It’s arrived! Tuesday the Fed, FDIC, OCC, CFTC and SEC unveiled the Volcker Rule, which began as a 3-page letter and now weighs in as a 71-page law with an over 800-page preamble. Like most financial measures, the rule aims to create a “safer” financial system, this time by banning banks’ “proprietary trading”—banks’ trading for profit in their own accounts. However, we’d note the rule seems mostly feckless. It swings and misses at defanging financial crises a la 2008’s, and it also doesn’t materially negatively alter the landscape for Financials today. The rule’s finalization and seemingly unsurprising provisions should alleviate uncertainty—a modest positive for bank stocks and stocks generally. That, at least, is our initial impression of the rule’s highlights—there might be some unintended consequences buried in the almost 1,000 pages of the rule we haven’t scrutinized yet. As we find ‘em, we’ll let you know.
But what the Volcker Rule isn’t is a surprise. Since 2008, reform has been as close to inevitable as anything gets. There is a long history in the US (and globally, we’d add) of shifting regulation in a backlash against crises’ perceived causes. Think Sarbanes-Oxley, Glass-Steagall, the Federal Reserve Act of 1913 and many more. Dodd-Frank, or its ilk, was going to happen—the only question was how it would look. As that broader reform took shape, the Volcker Rule emerged as a major provision. But in the three years since Dodd-Frank became law, the Volcker Rule has shape-shifted rather radically. Volcker himself, in fact, says he has few clues about what’s in his namesake rule.
Initially, it sought to ban all proprietary trading, based on the belief banks shouldn’t take undue risk with depositors’ money. Which is philosophically sensible enough when you consider depositors don’t intend to take principal risk—if they did, it’s likely they would seek something higher yielding than a bank account. Yet a full trading ban would have hit several other services banks provide, principally underwriting and market-making (trading securities and keeping inventory to maintain liquidity for clients)—and banks’ ability to hedge. Regulators figured this out quickly, and they’ve spent three years figuring out how to give banks flexibility without creating vast loopholes.
In the time since, various iterations have been rumored to require segregation of any trading, to cap investment in foreign sovereign debt, eliminate banks’ investment in hedge funds and require CEO guarantees of compliance with the rule—with violations carrying SarbOx-like civil and criminal liability. This past Tuesday, we finally gained clarity about all those issues. So what’s the rule say?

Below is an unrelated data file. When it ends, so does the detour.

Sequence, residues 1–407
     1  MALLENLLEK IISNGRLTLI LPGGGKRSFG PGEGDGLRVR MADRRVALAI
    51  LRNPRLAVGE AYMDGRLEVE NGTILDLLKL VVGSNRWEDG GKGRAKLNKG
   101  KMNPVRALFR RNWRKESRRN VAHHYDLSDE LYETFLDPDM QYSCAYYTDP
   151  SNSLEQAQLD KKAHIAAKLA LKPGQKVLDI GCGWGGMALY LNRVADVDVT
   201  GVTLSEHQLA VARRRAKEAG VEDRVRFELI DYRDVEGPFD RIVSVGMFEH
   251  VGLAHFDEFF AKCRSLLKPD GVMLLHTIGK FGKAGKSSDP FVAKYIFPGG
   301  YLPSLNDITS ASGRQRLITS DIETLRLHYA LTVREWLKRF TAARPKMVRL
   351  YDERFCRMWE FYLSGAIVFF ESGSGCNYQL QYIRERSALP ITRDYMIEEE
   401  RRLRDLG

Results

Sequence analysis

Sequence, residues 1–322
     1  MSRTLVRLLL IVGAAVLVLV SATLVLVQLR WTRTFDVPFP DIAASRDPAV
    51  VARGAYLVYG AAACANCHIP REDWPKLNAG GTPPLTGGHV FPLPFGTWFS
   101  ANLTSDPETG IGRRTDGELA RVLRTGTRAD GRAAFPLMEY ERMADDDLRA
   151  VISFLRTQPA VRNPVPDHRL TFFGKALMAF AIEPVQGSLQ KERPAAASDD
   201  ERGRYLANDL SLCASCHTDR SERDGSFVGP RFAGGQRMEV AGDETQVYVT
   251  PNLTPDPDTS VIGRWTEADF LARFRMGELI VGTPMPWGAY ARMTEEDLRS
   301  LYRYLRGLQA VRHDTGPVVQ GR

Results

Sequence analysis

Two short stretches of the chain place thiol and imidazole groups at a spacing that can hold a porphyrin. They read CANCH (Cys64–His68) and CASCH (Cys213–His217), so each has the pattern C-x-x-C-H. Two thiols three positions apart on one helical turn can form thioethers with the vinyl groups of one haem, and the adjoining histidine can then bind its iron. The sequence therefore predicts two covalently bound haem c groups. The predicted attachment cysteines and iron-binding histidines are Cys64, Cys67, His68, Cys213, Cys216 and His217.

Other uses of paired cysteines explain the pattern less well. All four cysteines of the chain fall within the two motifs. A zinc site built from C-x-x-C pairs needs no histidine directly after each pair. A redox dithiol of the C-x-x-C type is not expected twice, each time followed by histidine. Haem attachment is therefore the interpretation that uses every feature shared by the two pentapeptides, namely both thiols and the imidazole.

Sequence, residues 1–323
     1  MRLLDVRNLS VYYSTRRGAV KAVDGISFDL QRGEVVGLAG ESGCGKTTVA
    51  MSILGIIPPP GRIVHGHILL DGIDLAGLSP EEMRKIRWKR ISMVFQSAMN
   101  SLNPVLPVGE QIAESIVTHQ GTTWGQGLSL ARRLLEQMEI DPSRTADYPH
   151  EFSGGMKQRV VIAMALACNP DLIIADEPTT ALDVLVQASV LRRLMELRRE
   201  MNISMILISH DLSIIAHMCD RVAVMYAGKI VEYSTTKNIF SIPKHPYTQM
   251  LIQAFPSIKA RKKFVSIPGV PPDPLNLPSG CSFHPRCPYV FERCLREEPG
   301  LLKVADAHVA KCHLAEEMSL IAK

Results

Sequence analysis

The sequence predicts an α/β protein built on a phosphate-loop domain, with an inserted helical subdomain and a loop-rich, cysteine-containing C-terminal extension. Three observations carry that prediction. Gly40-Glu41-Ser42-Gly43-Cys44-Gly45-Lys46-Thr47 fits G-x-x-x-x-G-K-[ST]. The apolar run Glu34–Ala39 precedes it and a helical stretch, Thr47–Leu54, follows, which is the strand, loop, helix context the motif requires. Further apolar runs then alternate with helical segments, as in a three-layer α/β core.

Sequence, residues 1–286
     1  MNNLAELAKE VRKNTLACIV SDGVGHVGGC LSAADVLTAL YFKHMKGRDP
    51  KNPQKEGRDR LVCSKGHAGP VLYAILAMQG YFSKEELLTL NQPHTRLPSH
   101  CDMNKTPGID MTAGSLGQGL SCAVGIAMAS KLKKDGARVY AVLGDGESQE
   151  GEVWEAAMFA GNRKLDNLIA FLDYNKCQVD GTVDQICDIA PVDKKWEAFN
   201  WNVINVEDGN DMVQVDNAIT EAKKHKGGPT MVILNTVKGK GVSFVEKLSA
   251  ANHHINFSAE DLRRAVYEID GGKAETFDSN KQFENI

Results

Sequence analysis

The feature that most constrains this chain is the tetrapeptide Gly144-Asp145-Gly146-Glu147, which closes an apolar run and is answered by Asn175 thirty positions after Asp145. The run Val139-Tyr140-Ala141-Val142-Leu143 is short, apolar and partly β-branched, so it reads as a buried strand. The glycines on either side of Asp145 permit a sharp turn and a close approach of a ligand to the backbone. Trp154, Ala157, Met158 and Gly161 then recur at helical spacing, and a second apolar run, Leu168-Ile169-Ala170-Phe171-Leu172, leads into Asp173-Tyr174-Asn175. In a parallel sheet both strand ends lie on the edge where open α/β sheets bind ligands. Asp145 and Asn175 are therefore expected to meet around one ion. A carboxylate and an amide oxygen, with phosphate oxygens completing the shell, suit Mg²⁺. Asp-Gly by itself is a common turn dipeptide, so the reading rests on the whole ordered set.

Notably, the Volcker Rule permits market-making—but with caveats. By July 2015, banks must demonstrate holdings are reasonable based on near-term client demand. Holdings in excess would be deemed impermissible proprietary trading. The definition of “reasonable demand” is therefore critical. The rule uses a backward-looking measure—“demonstrable analysis of historical customer demand”—a complication considering banks (like most businesses) build inventory in anticipation of demand. The two-year window before implementation will provide banks an opportunity to gain clarity on this issue, but it’s worth noting.
In addition, banks may trade foreign sovereign debt. This was a widely watched aspect of the morphing rule abroad. The global financial system is so closely bound together that capping trading in sovereign debt could pose big negative consequences as foreign regulators could have imposed restrictions on US Treasury trading. Unlikely as it may have been, a trade tiff that involves banks and sovereign bonds is a poor idea. And we wouldn’t want a Volcker Rule that violates the Golden Rule!
The rule does permit hedging, though banks must hedge against a specific risk (not blanket risks, as the failed “London Whale” trades attempted to do). CEOs will be required to attest in writing their firm has procedures to be compliant with the Volcker Rule—a greatly watered-down version of that rumored executive guarantee. Finally, the Volcker Rule limits banks’ ability to invest their capital in hedge funds and similar vehicles.
Importantly, banks have already taken steps to address the changes stipulated by the Volcker Rule—further mitigating negative consequences. Bank of America CEO Brian Moynihan said proprietary trading is already a thing of the past, and the firm has been selling its stake in hedge and private equity funds for years. Goldman Sachs has also dialed back hedge fund exposure from $15.4 billion in 2010 to $14.9 billion—both negligible figures relative to Goldman’s roughly $900 billion in assets.i Other banks similarly report taking steps to mitigate the potential impact.
In the end, our initial take remains: The Volcker Rule was a solution seeking a problem and does little to de-risk the financial system. But it also is showing up pretty much as expected, mitigating negative fallout. In the end, this incrementally benefits banks and markets as it puts an end to speculation the rule might morph into something more heinous.
i Source: FactSet Data Systems, as of Fiscal Year ended 12/2012.